11 Running Tips To Get You to the Finish Line of Your First Race
Most important tip, don’t forget to have fun
Your first race (or even your hundredth) can make you a little jittery out of the starting line. Even though you know you’re doing it for fun, that competitive urge can kick in all the same.
Here are some tips to help you prepare and make sure everything goes as smoothly as possible.
Tip #1: Make sure you’ve trained
This may seem like common sense, but I have known people who skipped this step and ended up very sore and miserable at the end of their race. Follow a plan for your distance, or make sure you are running at least a few times a week before you decide you’re ready to race.
Tip #2: Prepare the night before
Eat a healthy well-balanced meal the night before. Don’t overindulge. You can save that for after your race.
Races usually start early in the morning. You don’t want to be blundering around in the dark trying to find your running clothes the day of. Plan for what you will wear and lay it all out the night before.
And finally, try to get to bed early if you can and get plenty of sleep.
Tip #3: Dress for the weather
Pay attention to what the weather will be like during your run, and don’t overdress. If it’s chilly at the start, but you know you’ll heat up during your run, bring a jacket and drop it off it at the gear check before you start.
Tip #4: Eat a light breakfast
Hopefully, you have experimented during your training on which kind of breakfast is best before a run. Keep with that, and don’t try anything new on the day of the race.
Some ideas for pre-run food include carbs and a small amount of protein:
- half a bagel with a bit of peanut butter
- scrambled egg with toast
- yogurt with some fruit
- oatmeal or low-fiber cereal
Tip #5: Pick up your packet early
Many races have options where you can pick up your packet the day before or even a week before. If you can, try to do this as it makes it much easier for you on race day.
If you need to get your packet on the day of the race, be sure to plan for the crowds. In larger races, the packet pickup lines can get long. You don’t want to be stuck in line when the race starts.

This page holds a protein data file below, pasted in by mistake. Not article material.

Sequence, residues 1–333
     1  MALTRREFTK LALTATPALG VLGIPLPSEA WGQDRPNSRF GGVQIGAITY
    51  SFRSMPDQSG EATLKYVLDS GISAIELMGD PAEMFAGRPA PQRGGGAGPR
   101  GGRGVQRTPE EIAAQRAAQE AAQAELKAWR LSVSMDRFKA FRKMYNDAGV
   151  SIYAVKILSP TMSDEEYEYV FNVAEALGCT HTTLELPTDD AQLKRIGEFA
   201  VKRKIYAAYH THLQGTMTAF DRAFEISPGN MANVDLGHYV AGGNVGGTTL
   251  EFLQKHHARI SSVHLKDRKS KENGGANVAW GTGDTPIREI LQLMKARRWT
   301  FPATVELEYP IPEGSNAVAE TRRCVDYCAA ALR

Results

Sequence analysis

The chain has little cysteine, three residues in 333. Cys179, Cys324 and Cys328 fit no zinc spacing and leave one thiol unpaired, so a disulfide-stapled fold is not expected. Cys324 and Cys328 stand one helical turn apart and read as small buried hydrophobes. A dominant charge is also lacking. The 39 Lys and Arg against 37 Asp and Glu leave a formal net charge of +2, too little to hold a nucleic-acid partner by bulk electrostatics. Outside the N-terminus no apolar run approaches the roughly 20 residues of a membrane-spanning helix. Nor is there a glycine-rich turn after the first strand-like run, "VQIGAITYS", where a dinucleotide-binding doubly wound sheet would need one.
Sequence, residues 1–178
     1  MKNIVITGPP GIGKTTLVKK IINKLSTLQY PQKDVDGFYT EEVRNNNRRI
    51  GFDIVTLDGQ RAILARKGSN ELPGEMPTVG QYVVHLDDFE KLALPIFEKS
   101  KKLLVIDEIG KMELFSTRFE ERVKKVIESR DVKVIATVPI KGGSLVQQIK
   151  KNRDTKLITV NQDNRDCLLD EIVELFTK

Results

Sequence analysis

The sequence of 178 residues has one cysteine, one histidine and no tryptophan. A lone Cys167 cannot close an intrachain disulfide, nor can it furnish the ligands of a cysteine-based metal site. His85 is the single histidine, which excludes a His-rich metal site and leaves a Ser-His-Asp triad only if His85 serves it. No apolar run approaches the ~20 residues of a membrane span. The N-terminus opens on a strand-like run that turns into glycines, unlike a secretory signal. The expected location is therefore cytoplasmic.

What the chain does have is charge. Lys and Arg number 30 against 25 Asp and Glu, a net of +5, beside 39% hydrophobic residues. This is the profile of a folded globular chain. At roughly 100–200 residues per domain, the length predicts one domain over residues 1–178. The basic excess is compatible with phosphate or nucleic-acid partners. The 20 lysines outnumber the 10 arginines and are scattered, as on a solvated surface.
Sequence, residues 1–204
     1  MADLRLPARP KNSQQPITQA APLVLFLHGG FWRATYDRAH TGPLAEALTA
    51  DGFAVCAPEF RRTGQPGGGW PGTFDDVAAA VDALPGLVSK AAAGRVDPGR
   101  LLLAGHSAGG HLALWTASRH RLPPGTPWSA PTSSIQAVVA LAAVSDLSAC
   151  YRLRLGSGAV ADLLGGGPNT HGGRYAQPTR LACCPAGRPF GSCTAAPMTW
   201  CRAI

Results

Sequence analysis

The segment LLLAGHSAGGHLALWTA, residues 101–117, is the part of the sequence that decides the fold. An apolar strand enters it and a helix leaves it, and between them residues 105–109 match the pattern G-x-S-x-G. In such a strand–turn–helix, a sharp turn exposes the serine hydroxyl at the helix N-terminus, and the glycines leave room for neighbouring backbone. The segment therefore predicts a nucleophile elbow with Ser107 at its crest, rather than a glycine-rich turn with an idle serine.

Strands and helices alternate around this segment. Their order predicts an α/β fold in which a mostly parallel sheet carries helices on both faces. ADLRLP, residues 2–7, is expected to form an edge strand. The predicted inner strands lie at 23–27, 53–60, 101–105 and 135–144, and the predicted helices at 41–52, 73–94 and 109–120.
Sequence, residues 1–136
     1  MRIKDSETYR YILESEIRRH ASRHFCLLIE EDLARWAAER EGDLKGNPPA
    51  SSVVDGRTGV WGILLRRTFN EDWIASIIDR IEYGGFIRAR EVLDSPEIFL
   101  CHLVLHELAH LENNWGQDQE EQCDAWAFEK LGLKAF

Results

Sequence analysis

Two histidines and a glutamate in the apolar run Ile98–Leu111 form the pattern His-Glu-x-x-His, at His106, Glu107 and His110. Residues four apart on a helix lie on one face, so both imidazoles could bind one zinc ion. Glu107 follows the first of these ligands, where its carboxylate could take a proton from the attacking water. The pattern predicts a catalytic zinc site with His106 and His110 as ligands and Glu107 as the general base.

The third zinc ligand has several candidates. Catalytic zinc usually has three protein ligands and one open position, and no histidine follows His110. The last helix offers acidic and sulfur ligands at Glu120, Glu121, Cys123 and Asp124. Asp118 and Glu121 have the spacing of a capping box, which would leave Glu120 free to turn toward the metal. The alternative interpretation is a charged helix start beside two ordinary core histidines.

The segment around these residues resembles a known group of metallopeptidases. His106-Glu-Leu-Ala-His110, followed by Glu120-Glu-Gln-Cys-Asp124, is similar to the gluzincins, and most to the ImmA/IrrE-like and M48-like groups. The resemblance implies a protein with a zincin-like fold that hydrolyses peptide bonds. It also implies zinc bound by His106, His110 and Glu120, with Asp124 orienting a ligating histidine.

Tip #6: Pin your bib to the front of your shirt
I’ve seen new runners pin their bibs to the back of their shirts. But you want it in the front so you can be identified for race photos and so that officials know you are registered for the race.
Tip #7: Pace yourself
Don’t take off too fast. Save your strength to make sure you can make it to the end.
Don’t make the same mistake I did for my first half marathon. I was so excited, and I had so much adrenaline that I took off like a shot for the first half. I ran faster than I ever had, and I don’t know why I thought I could keep it up for 13.1 miles.
Spoiler alert: I couldn’t. I had to drag myself to the finish line, my overall time was a disappointment, and I was sore for days.
Tip #8: Plan for water stops
Your pre-packet information should include a map with water stops. Take a look at this before the race. It’s nice to know ahead of time when these will appear.
Tip #9: Break the race up into smaller parts
It’s a mental game, but I like to get myself to the next mile marker rather than count down until the end. It feels less overwhelming to think I have 1/4 mile to go to the next mile than to imagine how much is left in the race.
Tip #10: Don’t forget the BodyGlide
Nothing is worse than chafing. Use vaseline or BodyGlide on problem areas before the race. I don’t know why but these problems always seem to happen during a race rather than training for me.
Tip #11: After you’ve finished, walk a bit and do some stretches
Grab your banana from the finishing tables and do some recovery stretches. Walk around for a few minutes to help stop any stiffness from setting in.
You did it!
Don’t forget to congratulate yourself at the end! Races are hard, and you should be proud of your accomplishment.
While it’s good to challenge yourself with a competitive race, try to remember, unless you’re a pro, races ultimately are meant to be fun. You will find most runners are very friendly, and there is a great atmosphere of community spirit at road races.
Note: this story was previously published on Medium.